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Getting Started With Zephyr: Bluetooth Low Energy

Mohammed Billoo January 29, 2024

In this blog post, I show how to enable BLE support in a Zephyr application. First, I show the necessary configuration options in Kconfig. Then, I show how to use the Zephyr functions and macros to create a custom service and characteristic for a contrived application.


Getting Started With Zephyr: Writing Data to EEPROM

Mohammed Billoo December 6, 20235 comments

In this blog post, I show how to implement a Zephyr application to interact with EEPROM. I show how the Zephyr device driver model allows application writers to be free of the underlying implementation details. Unfortunately, the application didn't work as expected, and I'm still troubleshooting the cause.


Getting Started With Zephyr: Saving Data To Files

Mohammed Billoo October 31, 2023

In this blog post, I show how to implement a Zephyr application to mount a microSD card, create a new file on the microSD card, and write data to it. The lessons learned from such an application can be helpful for devices out in the field that need to write data to off-board memory periodically, especially in cases where Internet access may be sporadic.


Getting Started With Zephyr: Devicetree Overlays

Mohammed Billoo September 25, 2023

In this blog post, I show how the Devicetree overlay is a valuable construct in The Zephyr Project RTOS. Overlays allow embedded software engineers to override the default pin configuration specified in Zephyr for a particular board. In this blog post, I use I2C as an example. Specifically, I showed the default I2C pins used for the nRF52840 development kit in the nominal Zephyr Devicetree. Then, I demonstrated how an overlay can be used to override this pin configuration and the final result.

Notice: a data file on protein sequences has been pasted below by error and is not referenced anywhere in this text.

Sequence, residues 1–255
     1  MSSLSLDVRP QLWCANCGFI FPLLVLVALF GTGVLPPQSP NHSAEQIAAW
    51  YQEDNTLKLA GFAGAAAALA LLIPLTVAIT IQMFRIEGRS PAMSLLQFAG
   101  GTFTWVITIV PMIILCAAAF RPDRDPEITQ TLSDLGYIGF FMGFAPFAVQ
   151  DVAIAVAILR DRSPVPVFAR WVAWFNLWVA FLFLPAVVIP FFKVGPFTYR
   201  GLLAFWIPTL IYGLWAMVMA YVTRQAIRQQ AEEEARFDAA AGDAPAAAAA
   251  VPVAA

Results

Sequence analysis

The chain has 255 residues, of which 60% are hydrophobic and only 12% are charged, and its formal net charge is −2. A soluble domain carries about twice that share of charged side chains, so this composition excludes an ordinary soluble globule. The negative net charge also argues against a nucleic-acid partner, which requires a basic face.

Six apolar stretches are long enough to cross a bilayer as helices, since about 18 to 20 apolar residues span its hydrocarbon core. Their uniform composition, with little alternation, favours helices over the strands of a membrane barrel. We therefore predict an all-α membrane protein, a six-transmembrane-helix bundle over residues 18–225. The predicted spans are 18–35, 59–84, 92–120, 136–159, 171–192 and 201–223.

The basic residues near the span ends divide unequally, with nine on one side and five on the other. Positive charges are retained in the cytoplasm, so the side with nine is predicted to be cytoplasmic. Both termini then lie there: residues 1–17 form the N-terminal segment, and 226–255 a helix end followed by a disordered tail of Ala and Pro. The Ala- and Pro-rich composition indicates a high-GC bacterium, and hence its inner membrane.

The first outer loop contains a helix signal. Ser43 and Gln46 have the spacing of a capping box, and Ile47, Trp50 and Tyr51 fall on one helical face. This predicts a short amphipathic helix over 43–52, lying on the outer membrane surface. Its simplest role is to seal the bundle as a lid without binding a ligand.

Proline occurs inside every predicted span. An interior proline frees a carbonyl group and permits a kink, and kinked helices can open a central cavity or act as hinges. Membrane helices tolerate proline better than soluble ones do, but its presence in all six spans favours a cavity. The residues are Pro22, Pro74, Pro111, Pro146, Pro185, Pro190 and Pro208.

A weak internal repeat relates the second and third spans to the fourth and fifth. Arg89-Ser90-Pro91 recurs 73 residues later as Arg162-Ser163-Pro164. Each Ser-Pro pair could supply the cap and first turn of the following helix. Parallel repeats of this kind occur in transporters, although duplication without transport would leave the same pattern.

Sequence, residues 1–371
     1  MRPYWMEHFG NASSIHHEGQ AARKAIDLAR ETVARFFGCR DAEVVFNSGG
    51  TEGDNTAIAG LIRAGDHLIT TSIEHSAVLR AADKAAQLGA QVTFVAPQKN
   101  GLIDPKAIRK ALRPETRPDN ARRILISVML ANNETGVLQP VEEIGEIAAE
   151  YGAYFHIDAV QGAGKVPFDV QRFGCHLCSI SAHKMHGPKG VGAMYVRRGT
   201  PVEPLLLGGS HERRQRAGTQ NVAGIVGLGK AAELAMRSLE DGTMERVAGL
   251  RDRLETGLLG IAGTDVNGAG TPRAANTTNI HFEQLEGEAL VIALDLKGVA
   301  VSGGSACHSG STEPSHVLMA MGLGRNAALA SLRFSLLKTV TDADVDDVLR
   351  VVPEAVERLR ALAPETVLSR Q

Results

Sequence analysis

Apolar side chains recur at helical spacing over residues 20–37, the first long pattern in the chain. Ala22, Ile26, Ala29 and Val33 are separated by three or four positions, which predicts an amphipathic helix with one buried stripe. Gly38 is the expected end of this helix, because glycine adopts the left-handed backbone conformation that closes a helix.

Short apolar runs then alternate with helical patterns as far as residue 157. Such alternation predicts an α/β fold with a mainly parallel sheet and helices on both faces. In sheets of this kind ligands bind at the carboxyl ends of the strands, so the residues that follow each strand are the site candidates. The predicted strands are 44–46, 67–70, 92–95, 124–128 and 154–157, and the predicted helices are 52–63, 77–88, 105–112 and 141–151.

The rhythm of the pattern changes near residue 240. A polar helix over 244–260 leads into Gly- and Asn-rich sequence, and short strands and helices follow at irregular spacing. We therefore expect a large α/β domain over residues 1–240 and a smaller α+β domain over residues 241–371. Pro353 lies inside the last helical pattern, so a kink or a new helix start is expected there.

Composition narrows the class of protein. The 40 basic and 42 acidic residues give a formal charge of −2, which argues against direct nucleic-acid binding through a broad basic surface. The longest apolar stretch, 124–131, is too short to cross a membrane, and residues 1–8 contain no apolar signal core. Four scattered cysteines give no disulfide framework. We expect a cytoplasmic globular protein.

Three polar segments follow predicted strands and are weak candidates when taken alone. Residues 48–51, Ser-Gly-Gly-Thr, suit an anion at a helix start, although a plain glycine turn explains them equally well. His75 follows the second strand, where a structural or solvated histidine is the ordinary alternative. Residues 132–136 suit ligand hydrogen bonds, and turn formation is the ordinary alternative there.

Getting Started With Zephyr: Devicetree Bindings

Mohammed Billoo August 16, 2023

This blog post shines some light on how devicetrees are used in The Zephyr Project. Specifically, we understand the mechanisms that enable us to use nodes in the devicetree in the C source files. We use a sample provided in the Zephyr repository itself and work our way through portions of the Zephyr codebase to get insight into the mechanisms that make this possible.


Getting Started With Zephyr: Devicetrees

Mohammed Billoo July 18, 20232 comments

This blog post provides an introduction to the "Devicetree", another unique concept in The Zephyr Project. We learn about the basic syntax of a device tree and how its structure and hierarchy mirror hardware, from the SoC to the final board. We also see how hardware described in a devicetree can be referenced and controlled in the source code of a Zephyr-based application.


Getting Started With Zephyr: Kconfig

Mohammed Billoo June 22, 2023

In this blog post, we briefly look at Kconfig, one of the core pieces of the Zephyr infrastructure. Kconfig allows embedded software developers to turn specific subsystems on or off within Zephyr efficiently and control their behavior. We also learn how we can practically use Kconfig to control the features of our application using the two most common mechanisms.


Getting Started With Zephyr: West Manifest Customization

Mohammed Billoo April 4, 2023
Introduction